Nature in Auvergne

Nature in Auvergne


The scenery
 • Although they are by far the main attraction, the Auvergne volcanoes, which are also known as "puys" in French, are only part of the diversity in the region. Around the Puy-de-Dôme (1475 m), which is perfectly conical in shape, and the Puy de Sancy (1887 m), the highest point in the Massif Central, there are many other types of landscape: the rolling hills of the Combrailles and the Bourbonnais to the north, the wooded monts du Forez to the east, the volcano ridges in Cantal and Le Velay to the south, etc. And don't miss the gorges in the Haut-Allier or the wild plateaux around Aubrac and the Cévennes... Here and there, many land-se references can be seen, such as the well-known Tronçais oak grove,  to the northwest, on the edge of the Berry region, which bears witness to environmental resource management since the time of Colbert, under the reign of Louis XIV. Or the "sucs", the typical volcanic landscape rising up between Velay and Haut-Vivarais, including the Gerbier-de-Jonc mountain, which marks out the sources of the Loire.

Gastronomy and local produce
 • The profusion of PDO cheeses (Cantal, Saint-Nectaire, Fourme d'Ambert, Salers...)  have of course made the Auvergne famous. Here, a sandwich lunch is something of an institution, and mealtimes are obviously convivial, especially when it comes to the traditional "aligot" (melted cheese in mashed potatoes) and the high quality meat: fin gras beef from Mézenc or veal from Salers. All that can be enjoyed in one of the beautiful inns to be found in the north Aveyron, or in a "jasserie" (a farm in the Livradois) near Ambert, or in an authentic "buron" in Cantal (a summer pasture house made of stone and the roofing slates known as lauzes) around Lioran.

 • But before stopping for food, there is the pleasure of hiking. The Puy mountain range, full of green peaks and perfectly round crater lakes, opens up beautiful vistas, along the GR 30 and GR 4 in the massif du Sancy, between the Mont-Dore and Besse-en-Chandesse: the Lac de Servière, Lac de Guéry and the astonishing Lac Pavin surrounded by forest. You can also walk along the crests of the Puy-Marie and the Puy du Plomb du Cantal, to examine the marks in the landscape of a giant caldera, a huge ancient crater. There is also the GR 4-41 around Volvic, where the springs abound (the region is famous for them) and the mountain streams or "couzes".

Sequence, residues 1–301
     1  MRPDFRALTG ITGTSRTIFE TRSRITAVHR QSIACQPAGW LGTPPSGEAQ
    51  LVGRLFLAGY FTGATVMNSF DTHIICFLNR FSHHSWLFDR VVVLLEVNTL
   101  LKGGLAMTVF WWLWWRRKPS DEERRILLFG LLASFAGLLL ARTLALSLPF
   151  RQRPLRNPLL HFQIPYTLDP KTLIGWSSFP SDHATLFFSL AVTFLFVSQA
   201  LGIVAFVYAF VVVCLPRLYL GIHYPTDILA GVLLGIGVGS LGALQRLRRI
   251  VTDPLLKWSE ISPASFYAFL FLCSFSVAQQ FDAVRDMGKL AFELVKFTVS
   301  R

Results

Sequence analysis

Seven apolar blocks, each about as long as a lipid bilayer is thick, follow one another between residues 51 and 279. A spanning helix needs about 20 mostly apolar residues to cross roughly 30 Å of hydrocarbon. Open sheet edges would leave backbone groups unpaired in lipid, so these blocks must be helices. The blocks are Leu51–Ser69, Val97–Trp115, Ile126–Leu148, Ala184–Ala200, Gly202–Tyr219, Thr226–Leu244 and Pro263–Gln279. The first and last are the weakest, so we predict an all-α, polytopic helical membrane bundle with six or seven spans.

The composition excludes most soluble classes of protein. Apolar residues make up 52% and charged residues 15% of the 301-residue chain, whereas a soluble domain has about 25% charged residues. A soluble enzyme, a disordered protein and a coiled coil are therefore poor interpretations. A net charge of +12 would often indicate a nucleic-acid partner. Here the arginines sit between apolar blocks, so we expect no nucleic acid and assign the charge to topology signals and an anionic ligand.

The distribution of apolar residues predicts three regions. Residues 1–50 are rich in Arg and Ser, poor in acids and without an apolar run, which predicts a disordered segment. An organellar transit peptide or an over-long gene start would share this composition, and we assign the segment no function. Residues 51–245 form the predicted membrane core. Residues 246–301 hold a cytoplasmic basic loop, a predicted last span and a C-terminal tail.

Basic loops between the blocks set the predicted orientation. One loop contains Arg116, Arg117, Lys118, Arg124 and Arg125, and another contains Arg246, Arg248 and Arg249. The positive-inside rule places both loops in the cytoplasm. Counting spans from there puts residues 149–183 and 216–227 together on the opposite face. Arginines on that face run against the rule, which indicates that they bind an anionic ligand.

Elsewhere, themed hikes will show you the history of knife making in the region of Thiers with the Sentier des Rouets (the grinders' workshops, with their little water mills which powered the tools) or the paper-makers' route around Ambert (a local occupation since the fifteenth century).

The holy city of Puy-en-Velay, an important stage on the Santiago pilgrimage, is located at the crossroads of several major hiking trails (C): the GR 65 or Via Podiensis (the Santiago pilgrimage) which leads to the southwest and the Cantal region, the GR 70 (Stevenson's road) which goes off to the southeast and the Cévennes and the GR 3 which goes towards the Mézenc.

Le Velay also has two delightful green routes, near Dunières and Solignac-sur-Loire. And cyclotourists can have a wonderful time come the summer months on the little roads of the Hautes-Chaumes du Forez, towards the Col des Supières for example. The region is full of open-air leisure activities.


Things to see